What is success to you? Money? “Freedom”?
Doing something meaningful? What is that?
There’s lots of reasons to chase success, but there’s one they don’t talk about.
We live in a culture where we build cults of personality around our most successful people. We put their inspirational quotes on our walls. We share “motivational” memes on Facebook. We watch Rocky montages every morning.
Well, some of us…
The point is, we’re very comfortable fetishizing the hard work that goes into success. We know it doesn’t come easy. We know success is a grind. We love the distraction of the hustle.
But there’s one aspect of success that we all know, somewhere deep inside, that we don’t say out loud:
We all know success is empty.
Why Success Means Nothing By Itself
How many athletes have broken records and won championships in their twenties, only to fade into complete obscurity by their thirties? How many Silicon Valley startups have raised millions, just to shrink in the shadow of the giants worth billions?
Success is just a moment. If you’re pursuing success for its own sake, you’re putting in blood, sweat, and tears for a brief moment—which will pass just in time for you to start thinking ahead to the next thing.
Not even getting to the moon will get you far enough if the experience of the various Apollo astronauts who suffered from depression and other disorders after returning from space is any indication.
After you’ve done that, what’s left for you to set your sights on?
What about Trump? “Congratulations on your success at winning the presidency…Now. Fix all this…” If success to him is just becoming president, he’s in for a long four years.
Success is just like a game, where getting past that bad guy throwing lightning bolts at you just lands you at the start of the next level.
Success Can Ruin Your Life
A simple formula for success is: Success = Hard Work + Narrow Focus.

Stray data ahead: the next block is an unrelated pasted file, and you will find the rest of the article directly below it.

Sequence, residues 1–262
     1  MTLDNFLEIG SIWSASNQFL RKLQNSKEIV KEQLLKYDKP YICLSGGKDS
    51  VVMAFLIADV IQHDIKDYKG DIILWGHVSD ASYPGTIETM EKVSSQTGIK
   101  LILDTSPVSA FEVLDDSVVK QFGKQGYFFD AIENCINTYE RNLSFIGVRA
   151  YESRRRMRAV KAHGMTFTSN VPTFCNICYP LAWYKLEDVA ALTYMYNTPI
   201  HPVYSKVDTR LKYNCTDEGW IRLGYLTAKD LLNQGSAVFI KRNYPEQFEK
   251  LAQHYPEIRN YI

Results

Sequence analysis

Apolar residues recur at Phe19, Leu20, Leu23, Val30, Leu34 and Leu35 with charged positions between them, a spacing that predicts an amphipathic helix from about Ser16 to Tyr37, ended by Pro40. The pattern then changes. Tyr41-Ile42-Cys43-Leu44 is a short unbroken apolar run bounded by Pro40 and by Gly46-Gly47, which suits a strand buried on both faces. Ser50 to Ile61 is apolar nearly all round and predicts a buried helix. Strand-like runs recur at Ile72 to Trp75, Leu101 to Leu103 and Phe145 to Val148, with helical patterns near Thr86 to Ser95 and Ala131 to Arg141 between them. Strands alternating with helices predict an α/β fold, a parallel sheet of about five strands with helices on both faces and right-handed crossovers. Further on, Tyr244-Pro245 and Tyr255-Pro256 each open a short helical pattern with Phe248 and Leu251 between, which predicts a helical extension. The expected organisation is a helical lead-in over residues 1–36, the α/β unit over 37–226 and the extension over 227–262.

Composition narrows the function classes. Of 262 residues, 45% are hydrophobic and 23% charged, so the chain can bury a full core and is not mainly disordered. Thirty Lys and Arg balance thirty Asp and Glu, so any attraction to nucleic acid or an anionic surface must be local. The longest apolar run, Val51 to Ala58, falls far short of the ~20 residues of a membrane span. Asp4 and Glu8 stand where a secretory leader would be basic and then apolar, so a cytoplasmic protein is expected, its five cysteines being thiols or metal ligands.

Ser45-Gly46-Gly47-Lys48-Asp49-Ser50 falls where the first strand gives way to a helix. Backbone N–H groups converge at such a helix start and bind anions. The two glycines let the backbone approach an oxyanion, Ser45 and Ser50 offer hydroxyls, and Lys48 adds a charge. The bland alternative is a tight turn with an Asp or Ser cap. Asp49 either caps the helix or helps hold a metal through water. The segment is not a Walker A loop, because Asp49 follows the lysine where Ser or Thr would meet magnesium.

No matter what it is you are chasing, success is the hamster wheel. It’s not about doing something dynamic and magical each day, it’s about consistently taking action every day.
We get that an Olympic athlete would derail nearly every other experience in her life in order to pursue gold, but what do we give up in order to pursue this thing we call success?
Well, it all depends on what it means to you. Many people chasing success for the first time with “nothing to lose” will gladly “give it all,” but how much is someone willing to give once they’ve already got it good?
A buddy in Silicon Valley said to me, “It’s funny, all these guys chasing more deals, more money, but someone will always have more than them…They’ve never feel successful.”
And if it’s more of that type of success they seek, they never will.
If you watch that Rocky video you see that most of it isn’t footage of Rocky scoring the knockout punch, but about over months running along the road and training himself to win.
We know instinctively that success isn’t about where we are headed but about who we are becoming, but how do we keep reminding ourselves to get behind this illusion of success as this “thing” of any meaning and instead, bring our own meaning?
Why Meaning Is The Only True Success
Even if you hate your job, you can choose to see that it’s the way that you support your family and that is very meaningful to you.
No matter whether you are headed to the moon or simply shooting for promotion, success doesn’t lie in reaching your destination, but, you’re literally doing it right now, every day.
Success is not about what it will be like to get what you want, but feeling a great sense of meaning in taking the actions that keep making you more successful every day.
That begins on getting clear on what you want, or, even better, in my system, simply figuring out the vision that you are moving towards and every day taking just one small step forward.
Living this way, success is not about reaching some mythical level where you can claim you have “made it,” it’s about finding great meaning in the journey of success, knowing where you’re headed, why you’re headed there, and living your own sense of meaning.
Success to some is “not yet being dead.” What makes success meaningful to you?